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IOWA CITY — Overturning a landmark $1.5 million jury verdict, the Iowa Supreme Court ruled Wednesday that former Gov. Terry Branstad did not illegally discriminate or retaliate against a gay state official.
The court found a lack of evidence to show that Branstad discriminated against then-Iowa Workers’ Compensation Commissioner Chris Godfrey because of his sexual orientation.
Although Godfrey was widely known as openly gay, there is no proof Branstad was aware of Godfrey’s sexual orientation before asking him to resign and slashing his salary when Godfrey refused, Justice Christopher McDonald wrote.
The ruling overturned a 2019 verdict in which Polk County jurors found that Branstad and his former legal counsel violated the Iowa Civil Rights Act. Jurors had awarded Godfrey, a Democrat who now is an official with the U.S. Department of Labor, $1.5 million in damages for emotional distress.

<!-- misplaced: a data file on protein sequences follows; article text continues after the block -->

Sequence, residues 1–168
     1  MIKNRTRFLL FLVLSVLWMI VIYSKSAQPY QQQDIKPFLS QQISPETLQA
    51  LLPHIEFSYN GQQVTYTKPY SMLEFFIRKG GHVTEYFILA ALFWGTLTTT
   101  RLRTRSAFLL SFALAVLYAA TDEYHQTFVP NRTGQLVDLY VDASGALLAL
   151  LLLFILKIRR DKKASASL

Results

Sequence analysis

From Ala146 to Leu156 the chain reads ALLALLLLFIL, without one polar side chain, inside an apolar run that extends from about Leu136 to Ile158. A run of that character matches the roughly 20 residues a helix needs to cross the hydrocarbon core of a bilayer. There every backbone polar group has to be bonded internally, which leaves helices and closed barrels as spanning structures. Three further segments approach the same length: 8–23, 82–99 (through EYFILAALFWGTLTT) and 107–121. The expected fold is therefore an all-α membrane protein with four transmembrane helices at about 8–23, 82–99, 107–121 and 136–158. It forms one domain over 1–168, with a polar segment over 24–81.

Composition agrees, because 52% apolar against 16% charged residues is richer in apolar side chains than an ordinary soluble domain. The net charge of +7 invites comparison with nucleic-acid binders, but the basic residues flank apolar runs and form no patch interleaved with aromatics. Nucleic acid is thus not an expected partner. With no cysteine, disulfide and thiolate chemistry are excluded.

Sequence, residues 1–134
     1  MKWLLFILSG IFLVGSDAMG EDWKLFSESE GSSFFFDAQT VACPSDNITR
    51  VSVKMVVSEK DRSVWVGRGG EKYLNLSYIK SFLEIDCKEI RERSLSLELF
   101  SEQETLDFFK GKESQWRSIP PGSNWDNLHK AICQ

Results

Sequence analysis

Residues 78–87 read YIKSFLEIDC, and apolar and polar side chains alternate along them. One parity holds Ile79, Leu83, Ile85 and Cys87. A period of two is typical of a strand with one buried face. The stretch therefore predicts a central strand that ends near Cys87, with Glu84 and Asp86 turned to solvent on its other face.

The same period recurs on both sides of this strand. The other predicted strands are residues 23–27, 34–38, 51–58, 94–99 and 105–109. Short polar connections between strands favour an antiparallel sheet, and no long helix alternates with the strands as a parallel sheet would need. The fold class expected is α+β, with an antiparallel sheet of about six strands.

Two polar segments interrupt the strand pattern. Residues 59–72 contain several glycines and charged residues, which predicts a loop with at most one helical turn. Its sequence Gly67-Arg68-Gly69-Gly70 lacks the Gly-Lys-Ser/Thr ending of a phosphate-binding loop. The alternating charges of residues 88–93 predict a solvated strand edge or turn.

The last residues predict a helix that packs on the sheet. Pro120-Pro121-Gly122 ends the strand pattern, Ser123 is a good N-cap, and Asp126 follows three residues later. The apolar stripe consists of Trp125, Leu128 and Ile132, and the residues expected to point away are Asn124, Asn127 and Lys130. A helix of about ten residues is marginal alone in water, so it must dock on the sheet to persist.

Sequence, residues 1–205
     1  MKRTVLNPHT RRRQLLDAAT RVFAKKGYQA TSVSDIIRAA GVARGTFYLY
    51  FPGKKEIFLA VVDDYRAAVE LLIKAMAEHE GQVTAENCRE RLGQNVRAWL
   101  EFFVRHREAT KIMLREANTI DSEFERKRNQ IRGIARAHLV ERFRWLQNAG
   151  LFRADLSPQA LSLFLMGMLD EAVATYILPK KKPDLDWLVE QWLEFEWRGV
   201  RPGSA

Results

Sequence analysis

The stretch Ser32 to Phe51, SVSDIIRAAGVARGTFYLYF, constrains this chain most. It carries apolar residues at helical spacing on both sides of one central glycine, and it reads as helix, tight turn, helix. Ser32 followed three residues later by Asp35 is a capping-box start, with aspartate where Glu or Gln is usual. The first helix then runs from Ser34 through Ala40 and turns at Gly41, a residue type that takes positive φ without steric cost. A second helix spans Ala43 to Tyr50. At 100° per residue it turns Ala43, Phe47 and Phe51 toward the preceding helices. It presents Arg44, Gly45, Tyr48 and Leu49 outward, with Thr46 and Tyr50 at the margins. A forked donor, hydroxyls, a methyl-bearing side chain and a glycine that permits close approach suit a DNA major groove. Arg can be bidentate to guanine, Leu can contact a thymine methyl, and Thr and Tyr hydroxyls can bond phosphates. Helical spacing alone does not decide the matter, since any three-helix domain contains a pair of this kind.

Branstad, a Republican who later served as U.S. ambassador to China, has argued that he sought Godfrey’s resignation because powerful business interests disagreed with rulings by Godfrey and his staff awarding benefits to injured workers. He has claimed that he acted legally in 2011 by reducing Godfrey’s salary by $40,000, to the lowest amount allowed by the Legislature for the position.
Godfrey couldn’t be fired under a provision in Iowa law intending his six-year term to be insulated from politics. He eventually left state government in 2014.
The ruling ordered a lower court to dismiss all Godfrey’s claims, ending a case that lasted a decade, made three trips to the Iowa Supreme Court and cost taxpayers millions of dollars in legal fees.
Six of the seven justices agreed with the outcome, including the two justices that Branstad appointed to the court.